Significant Women Roles in Indian Cinema by Subhajit Ghosh SignUp
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Significant Women Roles in Indian Cinema
by Subhajit Ghosh Bookmark and Share
 

Innovative women roles in Indian films, especially mainstream cinema, are few and far between. Some creative directors, working within the mainstream format, however have given us some meaty characters. Several women-significant films were made in the early days of Indian cinema like "Achchyut Kanya," which touched the theme of untouchability. Bimal Roy made a few films inspired by the novels of Sarat Chatterjee like "Biraj Bou", "Devdas" and "Parineeta." "Biraj Bou" was a film based on a selfless Indian woman, who endured hardship and pain for the sake of her husband. Films like "Ramer Sumoti," based on a Sarat Chaterjee work, were remarkable and depicted the love and warmth which existed within the extended Indian joint family.

In later days, filmmaker Hrishikesh Mukherjee gave us memorable heroine-oriented films in "Guddi," "Abhimaan", "Mili", "Khubsuroot", and "Majhli Didi". "Guddi" and "Khubsuroot" were simple films in which the heroine matures from a chirpy girl into womanhood. "Abhiman," inspired by "A star is born," dealt with ego clashes when a woman's musical talent and fame surpasses that of her husband. "Majhli Didi" was again based on a Sarat Chandra novel, about a woman's compassion towards an orphaned child. Basu Bhattacharyya's "Griha Pravesh" was a realistic depiction of the obsession of a married man for a much younger office colleague. Raj Kapoor's "Prem Rog" was a convincing portrait of the agony of a young widow. A few years back, Basu Chaterji's "Triyacharittar" was a powerful film on exploitation of women.

Bengali filmmaker Tapan Sinha has created strong female characters in several of his films viz "Jatugriho", "Adalat O Ekti Mey", "Apanjan", "Nirjan Saikate" and others. "Jatugriho" dealt with marital discord, the bone of contention being the infertility of the woman. "Apanjan" was remade in Hindi as "Mere Apne" by Gulzar, and had an elderly woman as the protagonist who finds, in some unemployed street boys, a reason to live when her own relatives forsake her. "Nirjan Saikatey" dealt with the plight of five elderly widows, while "Adalat O ekti Mey" was on a rape victim shunned by everyone. Asit Sen's "Deep Jele Jai," remade in Hindi as "Khamoshi" was on a nurse who eventually becomes insane play-acting with a patient.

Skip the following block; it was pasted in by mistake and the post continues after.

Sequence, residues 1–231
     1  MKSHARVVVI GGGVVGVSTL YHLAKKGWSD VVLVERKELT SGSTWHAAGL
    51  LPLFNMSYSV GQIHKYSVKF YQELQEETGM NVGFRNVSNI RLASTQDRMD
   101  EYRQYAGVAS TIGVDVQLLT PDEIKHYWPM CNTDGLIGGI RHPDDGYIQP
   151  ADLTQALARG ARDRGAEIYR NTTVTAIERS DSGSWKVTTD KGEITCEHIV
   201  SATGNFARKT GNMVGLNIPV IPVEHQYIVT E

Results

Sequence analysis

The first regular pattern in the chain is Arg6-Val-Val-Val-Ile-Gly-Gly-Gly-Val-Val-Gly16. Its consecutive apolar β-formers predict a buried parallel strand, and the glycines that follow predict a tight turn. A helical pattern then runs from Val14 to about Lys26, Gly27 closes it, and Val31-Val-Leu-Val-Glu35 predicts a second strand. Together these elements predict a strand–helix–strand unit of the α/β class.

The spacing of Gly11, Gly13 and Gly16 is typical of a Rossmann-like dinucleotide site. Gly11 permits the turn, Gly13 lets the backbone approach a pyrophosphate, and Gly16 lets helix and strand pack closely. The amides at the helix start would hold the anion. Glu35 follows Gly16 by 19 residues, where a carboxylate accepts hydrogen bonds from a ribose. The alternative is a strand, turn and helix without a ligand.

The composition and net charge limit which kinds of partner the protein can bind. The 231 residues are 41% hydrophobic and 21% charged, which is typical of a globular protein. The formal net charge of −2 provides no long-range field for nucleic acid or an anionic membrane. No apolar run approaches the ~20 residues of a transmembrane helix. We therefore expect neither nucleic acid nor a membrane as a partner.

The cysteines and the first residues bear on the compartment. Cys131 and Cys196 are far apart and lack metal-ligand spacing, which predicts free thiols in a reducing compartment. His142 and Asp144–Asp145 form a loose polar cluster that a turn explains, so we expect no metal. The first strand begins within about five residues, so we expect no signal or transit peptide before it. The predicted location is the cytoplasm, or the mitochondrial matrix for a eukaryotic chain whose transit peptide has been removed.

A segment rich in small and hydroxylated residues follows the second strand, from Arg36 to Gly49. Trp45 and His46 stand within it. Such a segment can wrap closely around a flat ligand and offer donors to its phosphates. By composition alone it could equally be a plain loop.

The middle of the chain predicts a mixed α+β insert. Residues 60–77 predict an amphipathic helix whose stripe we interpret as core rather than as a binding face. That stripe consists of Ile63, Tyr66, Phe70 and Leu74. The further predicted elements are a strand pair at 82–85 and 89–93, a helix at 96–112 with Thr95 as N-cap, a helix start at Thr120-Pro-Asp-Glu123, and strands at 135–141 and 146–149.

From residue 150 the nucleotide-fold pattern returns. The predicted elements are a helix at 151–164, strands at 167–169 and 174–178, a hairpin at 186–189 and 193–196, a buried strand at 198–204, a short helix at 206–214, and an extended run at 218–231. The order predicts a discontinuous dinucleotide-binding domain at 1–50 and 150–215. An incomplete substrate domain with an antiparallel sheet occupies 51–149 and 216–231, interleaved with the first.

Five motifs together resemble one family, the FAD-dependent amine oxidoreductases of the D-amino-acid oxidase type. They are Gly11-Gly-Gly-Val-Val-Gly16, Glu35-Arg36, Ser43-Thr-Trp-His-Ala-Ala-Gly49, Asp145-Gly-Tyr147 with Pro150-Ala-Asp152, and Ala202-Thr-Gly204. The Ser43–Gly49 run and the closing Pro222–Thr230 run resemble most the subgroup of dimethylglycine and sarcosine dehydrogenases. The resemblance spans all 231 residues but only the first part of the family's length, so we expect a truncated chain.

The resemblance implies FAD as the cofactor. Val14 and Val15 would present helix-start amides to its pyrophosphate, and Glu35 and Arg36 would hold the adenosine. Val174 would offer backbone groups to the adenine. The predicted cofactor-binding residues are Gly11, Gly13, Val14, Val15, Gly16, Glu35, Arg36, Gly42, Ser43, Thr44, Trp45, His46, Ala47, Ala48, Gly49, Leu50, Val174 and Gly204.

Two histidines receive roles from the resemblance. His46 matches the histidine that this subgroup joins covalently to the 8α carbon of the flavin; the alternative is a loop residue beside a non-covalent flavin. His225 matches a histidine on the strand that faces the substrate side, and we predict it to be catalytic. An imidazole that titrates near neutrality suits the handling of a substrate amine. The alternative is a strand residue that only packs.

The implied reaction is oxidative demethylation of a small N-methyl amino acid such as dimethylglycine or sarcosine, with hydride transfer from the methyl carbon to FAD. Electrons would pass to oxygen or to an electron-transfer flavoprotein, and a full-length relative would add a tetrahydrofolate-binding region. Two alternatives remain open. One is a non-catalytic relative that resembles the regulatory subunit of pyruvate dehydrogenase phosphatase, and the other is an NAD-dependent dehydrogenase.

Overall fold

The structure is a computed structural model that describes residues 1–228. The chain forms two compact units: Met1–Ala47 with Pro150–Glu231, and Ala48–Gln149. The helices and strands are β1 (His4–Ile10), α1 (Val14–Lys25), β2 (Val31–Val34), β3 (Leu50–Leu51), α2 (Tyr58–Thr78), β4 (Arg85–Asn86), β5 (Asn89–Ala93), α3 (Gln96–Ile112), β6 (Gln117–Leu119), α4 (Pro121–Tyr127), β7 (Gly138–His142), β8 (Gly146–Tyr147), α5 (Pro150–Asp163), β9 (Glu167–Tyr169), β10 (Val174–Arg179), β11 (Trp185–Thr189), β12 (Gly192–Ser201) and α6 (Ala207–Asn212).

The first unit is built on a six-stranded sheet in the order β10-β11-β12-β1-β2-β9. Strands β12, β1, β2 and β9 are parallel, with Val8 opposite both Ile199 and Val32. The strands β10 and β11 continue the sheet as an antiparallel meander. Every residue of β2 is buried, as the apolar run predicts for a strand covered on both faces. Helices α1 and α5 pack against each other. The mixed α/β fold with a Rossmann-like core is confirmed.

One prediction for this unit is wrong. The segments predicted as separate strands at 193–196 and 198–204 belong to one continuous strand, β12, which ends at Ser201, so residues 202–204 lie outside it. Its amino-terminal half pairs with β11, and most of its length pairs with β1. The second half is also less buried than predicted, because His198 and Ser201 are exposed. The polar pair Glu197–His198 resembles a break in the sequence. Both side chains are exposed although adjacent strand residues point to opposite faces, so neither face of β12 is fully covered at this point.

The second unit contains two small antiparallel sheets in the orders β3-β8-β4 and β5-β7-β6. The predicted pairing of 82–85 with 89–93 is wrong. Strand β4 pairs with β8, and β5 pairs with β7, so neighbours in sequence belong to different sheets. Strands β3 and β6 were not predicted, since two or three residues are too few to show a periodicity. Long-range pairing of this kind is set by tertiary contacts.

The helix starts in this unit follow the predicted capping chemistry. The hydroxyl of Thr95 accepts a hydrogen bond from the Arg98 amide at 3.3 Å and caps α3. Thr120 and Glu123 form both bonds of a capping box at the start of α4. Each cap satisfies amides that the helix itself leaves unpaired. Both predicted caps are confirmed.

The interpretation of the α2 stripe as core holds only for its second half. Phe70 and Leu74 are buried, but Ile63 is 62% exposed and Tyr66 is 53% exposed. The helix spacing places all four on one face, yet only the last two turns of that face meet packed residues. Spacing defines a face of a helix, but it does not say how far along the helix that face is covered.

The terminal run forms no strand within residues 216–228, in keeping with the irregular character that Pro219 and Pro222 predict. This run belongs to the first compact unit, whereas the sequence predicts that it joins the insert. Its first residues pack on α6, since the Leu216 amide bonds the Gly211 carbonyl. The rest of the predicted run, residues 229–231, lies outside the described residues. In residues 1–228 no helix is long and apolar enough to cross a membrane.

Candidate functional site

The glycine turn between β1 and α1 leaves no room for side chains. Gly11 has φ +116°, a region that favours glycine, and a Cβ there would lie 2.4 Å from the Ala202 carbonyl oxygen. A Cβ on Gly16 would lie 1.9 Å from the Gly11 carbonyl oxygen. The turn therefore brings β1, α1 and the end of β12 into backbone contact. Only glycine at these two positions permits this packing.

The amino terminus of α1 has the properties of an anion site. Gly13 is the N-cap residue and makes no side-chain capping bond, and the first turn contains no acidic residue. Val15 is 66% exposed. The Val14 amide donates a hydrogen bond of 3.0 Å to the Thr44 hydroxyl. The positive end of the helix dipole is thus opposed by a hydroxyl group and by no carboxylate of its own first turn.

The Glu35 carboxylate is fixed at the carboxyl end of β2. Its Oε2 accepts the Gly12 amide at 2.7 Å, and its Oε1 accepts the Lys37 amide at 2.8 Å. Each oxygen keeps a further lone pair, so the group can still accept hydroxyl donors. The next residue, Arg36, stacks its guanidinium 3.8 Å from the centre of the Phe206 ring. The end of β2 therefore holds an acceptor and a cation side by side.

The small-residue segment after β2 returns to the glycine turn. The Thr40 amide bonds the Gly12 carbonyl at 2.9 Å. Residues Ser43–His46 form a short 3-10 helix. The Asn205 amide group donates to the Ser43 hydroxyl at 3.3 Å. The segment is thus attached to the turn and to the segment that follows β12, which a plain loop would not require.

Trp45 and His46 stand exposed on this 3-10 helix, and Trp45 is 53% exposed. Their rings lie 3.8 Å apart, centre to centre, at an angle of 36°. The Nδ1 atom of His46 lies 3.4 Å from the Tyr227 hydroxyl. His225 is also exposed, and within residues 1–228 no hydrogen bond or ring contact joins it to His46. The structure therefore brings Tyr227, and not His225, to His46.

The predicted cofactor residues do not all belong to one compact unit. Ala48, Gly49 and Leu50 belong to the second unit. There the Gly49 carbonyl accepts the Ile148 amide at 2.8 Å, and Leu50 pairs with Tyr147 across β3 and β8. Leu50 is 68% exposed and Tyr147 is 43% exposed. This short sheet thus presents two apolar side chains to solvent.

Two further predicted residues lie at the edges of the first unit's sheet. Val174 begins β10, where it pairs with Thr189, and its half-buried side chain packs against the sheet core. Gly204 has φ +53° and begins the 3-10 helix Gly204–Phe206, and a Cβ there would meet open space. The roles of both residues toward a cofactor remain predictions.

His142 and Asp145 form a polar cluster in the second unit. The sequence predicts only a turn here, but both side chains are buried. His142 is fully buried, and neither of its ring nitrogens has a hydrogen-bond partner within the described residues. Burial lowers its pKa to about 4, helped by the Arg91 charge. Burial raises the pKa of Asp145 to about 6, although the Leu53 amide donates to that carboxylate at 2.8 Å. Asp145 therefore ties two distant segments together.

Strong female roles have also been witnessed in parallel cinema. Here, Mrinal Sen appears to have an edge over others. His "Neel Akaser Neechey" (1959) was a beautiful film about a brother-sister relationship between a Chinese hawker and a Bengali housewife. "Punoscho"(1961) dealt with the question of economic need of the heroine, a theme later tackled by Satyajit Ray in "Mahanagar." The roles of the female protagonist in Sen's "Bhuvan Shome", "Khandahaar," "Ek Din Pratidin", "Antareen" and others have been an interesting mix of innovation and fresh characterization. Satyajit Ray's films have female characters of substance. In "Pather Panchali" the relationship between Durga, an innocent but mischievous girl and her grandmother Chunnibala was beautifully depicted. "Charulata" based on a Tagore's novel dealt with marital discord with much finesse. "Devi" was on religious bigotry when an elderly man starts thinking of his daughter-in-law as a Goddess after a dream.